An airport was opened on the site on 16 July 1938 by the Secretary of State for Air, Kingsley Wood. During World War II, it was a base for Royal Air Force fighters. Following World War II, the land was returned to the local council which continued activity at the airport as a commercial operation. Percival Aircraft had its factory at the airport until the early 1960s. From the mid-1960s, executive aircraft have been based at the airport, initially operated by McAlpine Aviation. These activities have grown and several executive jet operators and maintenance companies are based there. It became the operating base for charter airlines such as Autair (which went on to become Court Line), Euravia (now TUI Airways, following Euravia's change of name to Britannia Airways and subsequent merger with First Choice Airways and TUI rebrand) and Dan-Air. In 1972, Luton Airport was the most profitable airport in the country. It suffered a severe setback in August 1974 when major package holidayoperator Clarksons and its in-house airline Court Line (which also operated coach links) were liquidated.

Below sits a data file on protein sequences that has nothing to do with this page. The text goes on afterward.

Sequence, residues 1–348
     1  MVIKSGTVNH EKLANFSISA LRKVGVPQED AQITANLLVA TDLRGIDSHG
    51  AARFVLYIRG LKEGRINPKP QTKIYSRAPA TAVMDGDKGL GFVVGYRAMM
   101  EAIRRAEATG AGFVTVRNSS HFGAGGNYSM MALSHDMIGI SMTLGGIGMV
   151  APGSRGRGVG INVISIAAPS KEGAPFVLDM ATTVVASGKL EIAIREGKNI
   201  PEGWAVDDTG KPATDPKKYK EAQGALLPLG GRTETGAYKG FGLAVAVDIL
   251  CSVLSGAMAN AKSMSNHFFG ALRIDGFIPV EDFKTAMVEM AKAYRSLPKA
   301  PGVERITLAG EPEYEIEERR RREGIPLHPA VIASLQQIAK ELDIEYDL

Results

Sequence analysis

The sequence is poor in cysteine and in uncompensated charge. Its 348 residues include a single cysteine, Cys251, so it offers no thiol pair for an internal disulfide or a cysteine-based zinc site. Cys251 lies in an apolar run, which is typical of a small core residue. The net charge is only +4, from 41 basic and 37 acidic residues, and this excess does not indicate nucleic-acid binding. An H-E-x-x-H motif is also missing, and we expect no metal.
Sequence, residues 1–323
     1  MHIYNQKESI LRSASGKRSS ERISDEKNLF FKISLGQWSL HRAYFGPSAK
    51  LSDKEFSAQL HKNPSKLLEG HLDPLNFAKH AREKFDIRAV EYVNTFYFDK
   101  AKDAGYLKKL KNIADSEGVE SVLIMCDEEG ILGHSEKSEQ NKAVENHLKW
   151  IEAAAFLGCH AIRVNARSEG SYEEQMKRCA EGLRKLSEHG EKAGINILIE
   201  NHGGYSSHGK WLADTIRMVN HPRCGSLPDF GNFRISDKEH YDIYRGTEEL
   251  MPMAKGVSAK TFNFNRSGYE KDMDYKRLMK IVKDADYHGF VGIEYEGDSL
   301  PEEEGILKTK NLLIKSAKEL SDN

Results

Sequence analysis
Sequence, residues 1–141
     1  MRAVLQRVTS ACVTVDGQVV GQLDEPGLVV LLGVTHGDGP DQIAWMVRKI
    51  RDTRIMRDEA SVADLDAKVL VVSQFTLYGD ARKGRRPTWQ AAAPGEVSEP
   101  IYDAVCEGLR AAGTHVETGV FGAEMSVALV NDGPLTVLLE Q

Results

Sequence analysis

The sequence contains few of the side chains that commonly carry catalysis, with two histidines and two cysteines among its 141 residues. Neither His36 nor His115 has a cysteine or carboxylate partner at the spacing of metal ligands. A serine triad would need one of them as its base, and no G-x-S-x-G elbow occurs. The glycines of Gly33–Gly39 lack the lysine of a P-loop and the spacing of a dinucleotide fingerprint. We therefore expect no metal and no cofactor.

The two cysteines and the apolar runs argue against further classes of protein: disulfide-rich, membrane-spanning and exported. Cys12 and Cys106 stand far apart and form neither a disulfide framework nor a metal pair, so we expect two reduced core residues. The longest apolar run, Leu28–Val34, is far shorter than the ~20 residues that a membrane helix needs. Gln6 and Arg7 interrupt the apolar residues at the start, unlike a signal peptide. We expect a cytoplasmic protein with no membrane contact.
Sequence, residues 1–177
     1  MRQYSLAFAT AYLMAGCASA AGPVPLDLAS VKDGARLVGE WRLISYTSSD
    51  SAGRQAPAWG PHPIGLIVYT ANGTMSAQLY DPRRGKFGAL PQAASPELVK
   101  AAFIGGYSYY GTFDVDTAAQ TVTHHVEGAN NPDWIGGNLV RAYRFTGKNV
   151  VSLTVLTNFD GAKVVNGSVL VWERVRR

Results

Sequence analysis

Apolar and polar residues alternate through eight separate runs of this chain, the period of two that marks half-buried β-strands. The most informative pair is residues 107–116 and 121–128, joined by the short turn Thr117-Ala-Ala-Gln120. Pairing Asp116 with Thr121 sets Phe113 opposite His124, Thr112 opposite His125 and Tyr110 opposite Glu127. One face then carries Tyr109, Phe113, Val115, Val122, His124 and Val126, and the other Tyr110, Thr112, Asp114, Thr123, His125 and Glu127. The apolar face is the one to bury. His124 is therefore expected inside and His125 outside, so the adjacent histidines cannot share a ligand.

In 2018, over 16.5 million passengers passed through the airport, a record total for Luton making it the fifth busiest airportin the UK. It is the fourth-largest airport serving the London area after Heathrow, Gatwick and Stansted, and is one of London's six international airports along with London City and Southend. The airport serves as a base for EasyJet, TUI Airways, Ryanair and Wizz Air and previously served as a base for Monarch Airlines until it ceased operations in October 2017. The vast majority of the routes served are within Europe, although there are some charter and scheduled routes to destinations in Northern Africa and Asia.